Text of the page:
Doughnuts are the best baked good to celebrate holidays, birthdays or any special day really. I have the fondest memories of my grandmother whipping up batches and batches of doughnuts for Fat Tuesday before Lent. She makes enough chocolate, cinnamon, jelly-filled and cream-filled flavors for all 7 of her sons and their families. I was actually able to get her recipe, but I found it doesn’t veganize as well as my go-to doughnut dough. Never-the-less, as a result, I have a sentimental part in my stomach for deep-friend dough on Fat Tuesday. Last year we were too busy to make doughnuts on Tuesday, so we had Susanna’s niece over to help celebrate Fat Thursday with doughnuts 🙂 (which, coincidentally was Valentine’s Day).
We made up two varieties, a yeasted gluten-free dough from VeganDad. This is more of a cake style doughnut (pictured below). Still deep-fried, still risen with yeast.
The second style was with my aforementioned go-to doughnut dough. With these I was able to make filled doughnuts with a delicious marshmallow cream. Oh, it was so good. Some we added a little peanut butter into the cream too.
Vegan Doughnut Marshmallow Cream:
- 1/4 cup tofutti cream cheese
- 1/4 cup vegetable shortening
- 1/2 cup ricemellow creme
- 2 tsp smooth peanut butter (optional)
- Mix everything together with an electric beater until fluffed and slightly runny.
- Use a piping bag to fill the doughnuts, or poke a small hole into the doughnut and drizzle in the creme with a spoon.
Dan got a donut pan for Christmas- something I was pretty excited about since we can now decrease our fried food intake. I’ve had a hankering for regular old glazed chocolate donuts so we made them today. We used this recipe and just subbed the egg with a flax egg and milk with rice milk. Dan also decided to make a chocolate ganache topping.
They turned out pretty good but I think I’ll try a different recipe next time. They seemed a little too cakey and spongy.Posted on June 29th, 2012 by Dan
I’ve been overwhelmed with how bountiful and beautiful summer is. Farmer’s markets are full of fresh produce and I’m hoarding berries. So far we’ve bought/foraged and frozen cherries, black berries, plums, and wineberries. Our freezer is literally stuffed to the brim and we can barely keep it closed.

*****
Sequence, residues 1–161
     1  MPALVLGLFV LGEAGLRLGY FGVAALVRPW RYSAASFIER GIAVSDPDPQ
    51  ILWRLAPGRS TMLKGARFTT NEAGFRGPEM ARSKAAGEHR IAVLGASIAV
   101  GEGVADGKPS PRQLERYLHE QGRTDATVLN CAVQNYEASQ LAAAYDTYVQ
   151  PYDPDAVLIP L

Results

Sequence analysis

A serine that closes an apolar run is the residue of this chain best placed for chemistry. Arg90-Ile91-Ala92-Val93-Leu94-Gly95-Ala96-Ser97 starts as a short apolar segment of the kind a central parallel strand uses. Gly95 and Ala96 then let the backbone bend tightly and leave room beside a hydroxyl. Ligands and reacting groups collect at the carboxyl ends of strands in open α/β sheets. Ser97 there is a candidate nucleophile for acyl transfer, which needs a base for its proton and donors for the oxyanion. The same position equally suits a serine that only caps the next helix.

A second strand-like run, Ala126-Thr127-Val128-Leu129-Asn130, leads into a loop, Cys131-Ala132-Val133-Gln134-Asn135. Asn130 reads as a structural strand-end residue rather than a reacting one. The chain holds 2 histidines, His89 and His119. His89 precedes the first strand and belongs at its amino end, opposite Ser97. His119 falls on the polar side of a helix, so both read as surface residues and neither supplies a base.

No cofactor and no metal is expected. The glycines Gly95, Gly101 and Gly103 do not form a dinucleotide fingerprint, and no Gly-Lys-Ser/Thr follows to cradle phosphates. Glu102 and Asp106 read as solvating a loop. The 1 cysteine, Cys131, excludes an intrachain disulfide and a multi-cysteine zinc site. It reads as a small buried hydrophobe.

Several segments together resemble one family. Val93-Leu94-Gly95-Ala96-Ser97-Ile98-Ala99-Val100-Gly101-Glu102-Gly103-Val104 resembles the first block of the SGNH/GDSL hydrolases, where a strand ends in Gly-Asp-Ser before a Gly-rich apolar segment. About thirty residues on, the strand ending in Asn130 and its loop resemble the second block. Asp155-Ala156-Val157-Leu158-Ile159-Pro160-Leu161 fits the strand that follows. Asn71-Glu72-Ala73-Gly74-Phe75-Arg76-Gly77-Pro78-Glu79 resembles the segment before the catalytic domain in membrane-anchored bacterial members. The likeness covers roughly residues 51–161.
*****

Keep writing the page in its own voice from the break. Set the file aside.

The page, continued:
Among the berries I haven’t frozen are blueberries. I bought some last week to use for a dessert competition at Berry Festival. Last year we placed second with a berry, lemon torte. This year, we decided to make doughnuts, though Susanna was skeptical, topped with a blueberry glaze.
They despite the fear, they turned out awesome. Light, fluffy, airy, fried doughnuts that would beat the pants off of Dunkin Donuts…
Unfortunately, they didn’t beat the winner at the Berry Festival… popsicles. I know right?
Oh well, better luck next year. For anyone who wants to serve an amazing dessert/breakfast/snack, but maybe not win in a competition, I used the dough from VeganDad’s Vegan Chocolate-Glazed Donuts. I doubled the recipe and got 40-45 doughnuts out of them.
It took me a bit of time to figure out what to do for the glaze. Nightmarish memories of overly sweet, runny icing rushed back to me. As I’m complaining to Susanna with my glazey woes, she suggests, “Just mush up some blueberries and mix them with sugar”. And that’s what I did!
Ingredients (for 40 mini doughnuts, adjust as necessary)
- 1/4 – 1/2 pint fresh, organic blueberries
- powdered sugar
This method has no real measurements. It makes it tough to describe, but super easy in that if you add too much of the one ingredient, you add more of the other. Also, since you start out with a little bit, you don’t have to worry about making more than you need.
- Start by placing a 1/4 cup of blueberries in a flat bottoms bowl and mash them to a pulp with a potato masher. Make sure there are no chunky parts (save for the bits of skins) and mash them enough so the purple pigment from the skin is extruded into the juice.
- Transfer about half of the blueberry soup into a mixing bowl, and using an electronic hand mixer, stir the blueberry soup on low while sprinkling in some powdered sugar until it totally clumpy and won’t mix (more than you think). Now, add in a little but more blueberry liquid while mixing until it just comes together. This might take some practice, but if you add too much liquid, just add more sugar (and vice versa).
- Stop when the mixture is thick, like room temperature molasses. Now dip your doughnuts and move them around to make sure the entire top is covered, but not goopy. The icing should flow just enough to smooth out any peaks or ripples, but shouldn’t really run down the sides. It should stiffen within a minute of being on the doughnut.
- Once your glaze reserve is too low to dip a doughnut, just add in some more powdered sugar and repeat step 2. Additionally, you can heat up the bowl just slightly until the glaze is runny, but it will harden quickly afterwards.